When the swollen Swat River changed course in late August and roared into Naeem Ullah's village in north-western Pakistan, it swept away his home and all 13 of his relatives' houses.
His sugar cane crop, planted on five hectares of leased land, also was destroyed, leaving him jobless, homeless and with few prospects of repaying the money he borrowed to buy seed and fertiliser.
"I have to start my life from zero," Mr Ullah, 40, said from his village of Dagi Mukarram Khan, in Khyber Pakhtunkhwa province.
"I have lost everything. I can only pray to Allah to give me the strength to face this biggest challenge of my life."
Floodwaters driven by months of relentless rain — and a heatwave in the spring that accelerated the melting of glaciers — have covered a third of Pakistan, affecting 33 million people.
More than 1,300 people have died in the floods, Pakistan's National Disaster Management Authority said.
The cost of the damage is estimated at $10 billion, with 1.6 million homes lost or damaged, 5,000 kilometres of roads destroyed and more than 700,000 livestock gone.
UN Secretary General Antonio Guterres is scheduled to travel to hard-hit areas of the country this week to see the devastation caused by what he called "a monsoon on steroids".
Across Pakistan, millions of families have lost their homes and belongings, crops, animals and even relatives, with many struggling to find dry areas of land to erect tarpaulin shelters and keep themselves and their remaining livestock safe.
Roads and bridges have been washed away, hampering aid efforts and forcing the authorities in some areas to deliver limited help mainly by helicopter.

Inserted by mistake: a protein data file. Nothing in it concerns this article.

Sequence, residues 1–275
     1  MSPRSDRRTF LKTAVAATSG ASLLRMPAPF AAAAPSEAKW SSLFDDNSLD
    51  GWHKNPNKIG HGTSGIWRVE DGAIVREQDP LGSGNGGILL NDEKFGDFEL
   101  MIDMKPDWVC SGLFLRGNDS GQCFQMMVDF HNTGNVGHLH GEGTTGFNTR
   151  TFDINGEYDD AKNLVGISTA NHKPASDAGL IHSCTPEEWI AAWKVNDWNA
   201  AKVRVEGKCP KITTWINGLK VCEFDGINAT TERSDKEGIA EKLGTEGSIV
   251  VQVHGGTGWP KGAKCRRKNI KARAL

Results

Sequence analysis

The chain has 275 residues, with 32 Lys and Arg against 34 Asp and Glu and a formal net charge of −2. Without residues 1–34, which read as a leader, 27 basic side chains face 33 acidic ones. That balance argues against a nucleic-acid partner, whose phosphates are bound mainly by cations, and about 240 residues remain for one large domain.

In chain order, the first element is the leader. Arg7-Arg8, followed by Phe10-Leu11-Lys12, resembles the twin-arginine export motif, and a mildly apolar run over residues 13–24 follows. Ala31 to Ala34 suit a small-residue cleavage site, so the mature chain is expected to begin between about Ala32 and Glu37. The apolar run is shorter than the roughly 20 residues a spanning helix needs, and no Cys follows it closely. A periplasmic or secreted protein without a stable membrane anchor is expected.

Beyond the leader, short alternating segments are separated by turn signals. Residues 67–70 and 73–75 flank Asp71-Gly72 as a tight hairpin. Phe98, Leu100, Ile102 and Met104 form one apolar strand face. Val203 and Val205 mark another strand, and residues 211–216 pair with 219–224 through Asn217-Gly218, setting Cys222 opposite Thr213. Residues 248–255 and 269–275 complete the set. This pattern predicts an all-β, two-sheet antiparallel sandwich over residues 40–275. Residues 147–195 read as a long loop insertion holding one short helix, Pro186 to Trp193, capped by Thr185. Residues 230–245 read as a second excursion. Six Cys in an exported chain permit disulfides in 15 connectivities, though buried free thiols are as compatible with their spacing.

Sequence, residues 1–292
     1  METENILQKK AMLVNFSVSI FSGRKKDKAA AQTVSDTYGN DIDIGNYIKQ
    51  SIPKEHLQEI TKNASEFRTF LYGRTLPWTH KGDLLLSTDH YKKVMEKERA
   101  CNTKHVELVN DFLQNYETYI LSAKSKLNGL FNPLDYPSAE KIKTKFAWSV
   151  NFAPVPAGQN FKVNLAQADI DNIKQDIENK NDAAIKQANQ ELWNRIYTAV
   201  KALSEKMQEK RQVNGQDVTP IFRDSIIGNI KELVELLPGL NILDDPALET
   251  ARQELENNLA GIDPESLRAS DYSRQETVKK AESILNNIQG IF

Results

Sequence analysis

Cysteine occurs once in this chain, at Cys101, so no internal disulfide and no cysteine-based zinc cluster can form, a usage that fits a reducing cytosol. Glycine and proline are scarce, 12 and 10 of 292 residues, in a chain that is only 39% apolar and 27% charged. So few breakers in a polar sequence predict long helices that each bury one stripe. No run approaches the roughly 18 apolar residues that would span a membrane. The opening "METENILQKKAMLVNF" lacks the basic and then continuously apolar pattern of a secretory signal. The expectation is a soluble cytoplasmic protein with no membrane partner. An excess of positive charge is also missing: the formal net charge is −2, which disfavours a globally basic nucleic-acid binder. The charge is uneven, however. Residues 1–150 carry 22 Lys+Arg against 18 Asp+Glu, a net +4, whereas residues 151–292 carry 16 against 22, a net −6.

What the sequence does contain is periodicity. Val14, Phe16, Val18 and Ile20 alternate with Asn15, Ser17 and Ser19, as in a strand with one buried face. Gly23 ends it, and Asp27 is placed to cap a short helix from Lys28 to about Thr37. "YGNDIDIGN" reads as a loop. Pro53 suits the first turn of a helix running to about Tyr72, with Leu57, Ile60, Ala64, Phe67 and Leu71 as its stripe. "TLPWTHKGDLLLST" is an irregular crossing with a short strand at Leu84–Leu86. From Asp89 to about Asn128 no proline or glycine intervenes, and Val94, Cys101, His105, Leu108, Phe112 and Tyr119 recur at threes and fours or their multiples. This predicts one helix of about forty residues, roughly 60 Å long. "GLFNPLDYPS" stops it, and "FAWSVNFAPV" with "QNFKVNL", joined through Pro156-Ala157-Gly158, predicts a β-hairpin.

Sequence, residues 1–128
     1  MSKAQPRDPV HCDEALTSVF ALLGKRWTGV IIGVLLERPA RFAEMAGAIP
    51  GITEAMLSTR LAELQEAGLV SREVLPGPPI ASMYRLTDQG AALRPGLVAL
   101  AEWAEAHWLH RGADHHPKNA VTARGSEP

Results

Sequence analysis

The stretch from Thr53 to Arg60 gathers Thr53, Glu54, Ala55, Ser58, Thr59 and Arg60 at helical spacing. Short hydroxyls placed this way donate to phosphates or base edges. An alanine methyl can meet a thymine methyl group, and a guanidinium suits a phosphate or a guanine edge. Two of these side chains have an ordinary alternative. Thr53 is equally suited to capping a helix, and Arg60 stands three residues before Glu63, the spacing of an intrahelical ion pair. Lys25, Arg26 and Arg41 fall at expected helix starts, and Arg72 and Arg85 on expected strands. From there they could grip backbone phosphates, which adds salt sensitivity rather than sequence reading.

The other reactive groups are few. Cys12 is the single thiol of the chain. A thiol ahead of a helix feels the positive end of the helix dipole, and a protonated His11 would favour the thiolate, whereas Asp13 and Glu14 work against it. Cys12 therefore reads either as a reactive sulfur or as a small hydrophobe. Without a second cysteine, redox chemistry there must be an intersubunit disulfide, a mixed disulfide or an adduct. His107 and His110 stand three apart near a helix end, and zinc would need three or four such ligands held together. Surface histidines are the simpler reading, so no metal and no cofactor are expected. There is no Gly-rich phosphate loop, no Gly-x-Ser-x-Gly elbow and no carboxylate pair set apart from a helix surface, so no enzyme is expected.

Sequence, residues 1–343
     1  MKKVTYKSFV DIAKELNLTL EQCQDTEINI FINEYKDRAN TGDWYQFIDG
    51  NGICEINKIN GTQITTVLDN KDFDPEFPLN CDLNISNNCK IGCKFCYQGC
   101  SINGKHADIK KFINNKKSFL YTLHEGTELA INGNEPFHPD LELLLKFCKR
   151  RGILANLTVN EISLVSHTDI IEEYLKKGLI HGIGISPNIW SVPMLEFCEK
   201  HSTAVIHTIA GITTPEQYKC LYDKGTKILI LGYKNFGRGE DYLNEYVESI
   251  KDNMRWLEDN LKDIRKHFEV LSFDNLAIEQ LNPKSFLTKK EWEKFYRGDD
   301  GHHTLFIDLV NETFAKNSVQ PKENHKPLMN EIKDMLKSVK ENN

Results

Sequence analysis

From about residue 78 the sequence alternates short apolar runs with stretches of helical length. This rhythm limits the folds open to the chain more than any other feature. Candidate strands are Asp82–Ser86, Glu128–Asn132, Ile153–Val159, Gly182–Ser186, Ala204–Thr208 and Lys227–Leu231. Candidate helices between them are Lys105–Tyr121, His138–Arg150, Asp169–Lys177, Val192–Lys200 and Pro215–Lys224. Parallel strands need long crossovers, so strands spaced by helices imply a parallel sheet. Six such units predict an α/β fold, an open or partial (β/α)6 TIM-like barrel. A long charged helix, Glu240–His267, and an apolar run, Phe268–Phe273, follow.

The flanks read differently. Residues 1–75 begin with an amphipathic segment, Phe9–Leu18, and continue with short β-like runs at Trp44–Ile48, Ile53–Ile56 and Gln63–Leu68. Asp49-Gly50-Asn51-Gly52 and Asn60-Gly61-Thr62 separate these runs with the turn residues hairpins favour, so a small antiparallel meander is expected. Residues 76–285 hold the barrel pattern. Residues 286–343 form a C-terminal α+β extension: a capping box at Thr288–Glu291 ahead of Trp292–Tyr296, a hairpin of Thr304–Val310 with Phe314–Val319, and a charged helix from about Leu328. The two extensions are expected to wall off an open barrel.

In the Awaran district of south-west Balochistan province, floods still stretch towards the horizon, having destroyed many of the mud homes in the impoverished region.
A house belonging to Dilshad Baluch's family was washed away and a neighbour was killed when his home collapsed as floods swamped their village in July.
Downed power cables brought a risk of electrocution in the standing water, he said.
With bridges to Karachi impassable, the area's major supply route remains cut off.
Helicopters have dropped parcels of rice and beans but "it's far too little" and villagers cannot cook it without kitchens or dry firewood, Mr Baluch said.
"We are living on open ground," said the 21-year-old university student, who returned home for the summer from his studies in Islamabad.
Many people are angry, he said. "But most of them are just feeling helpless. There is no one to take care of them and no one cares about them."
With Pakistan saddled by debt and international humanitarian agencies overwhelmed by global demand for assistance, families in the country may have to fund much of the recovery effort themselves.
Families are eligible to receive a maximum of 50,000 rupees ($226) for damaged crops, said Taimur Ali, media co-ordinator for the Khyber Pakhtunkhwa Provincial Disaster Management Authority.
That could potentially be raised after a fuller assessment of the damage, he said.